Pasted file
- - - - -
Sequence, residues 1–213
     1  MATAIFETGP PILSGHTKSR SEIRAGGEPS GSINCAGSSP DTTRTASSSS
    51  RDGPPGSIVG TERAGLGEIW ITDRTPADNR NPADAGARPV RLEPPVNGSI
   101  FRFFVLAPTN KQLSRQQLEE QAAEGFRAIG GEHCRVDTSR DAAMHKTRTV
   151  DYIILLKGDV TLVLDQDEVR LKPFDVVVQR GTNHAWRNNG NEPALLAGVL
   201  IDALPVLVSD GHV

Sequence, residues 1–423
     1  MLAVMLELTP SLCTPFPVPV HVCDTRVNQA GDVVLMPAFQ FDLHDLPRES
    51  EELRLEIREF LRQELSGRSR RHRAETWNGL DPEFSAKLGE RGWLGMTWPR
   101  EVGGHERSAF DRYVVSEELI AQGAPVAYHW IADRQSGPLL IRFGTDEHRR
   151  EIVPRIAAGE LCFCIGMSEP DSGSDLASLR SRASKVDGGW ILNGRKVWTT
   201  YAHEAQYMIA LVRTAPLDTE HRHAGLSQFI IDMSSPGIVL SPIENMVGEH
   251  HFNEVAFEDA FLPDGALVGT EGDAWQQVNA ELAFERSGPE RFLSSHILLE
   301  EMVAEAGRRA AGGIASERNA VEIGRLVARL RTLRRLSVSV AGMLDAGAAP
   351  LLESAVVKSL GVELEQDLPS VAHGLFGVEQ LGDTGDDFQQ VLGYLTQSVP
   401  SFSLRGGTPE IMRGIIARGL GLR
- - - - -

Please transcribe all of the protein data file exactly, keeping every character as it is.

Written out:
Sequence, residues 1–213
     1  MATAIFETGP PILSGHTKSR SEIRAGGEPS GSINCAGSSP DTTRTASSSS
    51  RDGPPGSIVG TERAGLGEIW ITDRTPADNR NPADAGARPV RLEPPVNGSI
   101  FRFFVLAPTN KQLSRQQLEE QAAEGFRAIG GEHCRVDTSR DAAMHKTRTV
   151  DYIILLKGDV TLVLDQDEVR LKPFDVVVQR GTNHAWRNNG NEPALLAGVL
   201  IDALPVLVSD GHV

Sequence, residues 1–423
     1  MLAVMLELTP SLCTPFPVPV HVCDTRVNQA GDVVLMPAFQ FDLHDLPRES
    51  EELRLEIREF LRQELSGRSR RHRAETWNGL DPEFSAKLGE RGWLGMTWPR
   101  EVGGHERSAF DRYVVSEELI AQGAPVAYHW IADRQSGPLL IRFGTDEHRR
   151  EIVPRIAAGE LCFCIGMSEP DSGSDLASLR SRASKVDGGW ILNGRKVWTT
   201  YAHEAQYMIA LVRTAPLDTE HRHAGLSQFI IDMSSPGIVL SPIENMVGEH
   251  HFNEVAFEDA FLPDGALVGT EGDAWQQVNA ELAFERSGPE RFLSSHILLE
   301  EMVAEAGRRA AGGIASERNA VEIGRLVARL RTLRRLSVSV AGMLDAGAAP
   351  LLESAVVKSL GVELEQDLPS VAHGLFGVEQ LGDTGDDFQQ VLGYLTQSVP
   401  SFSLRGGTPE IMRGIIARGL GLR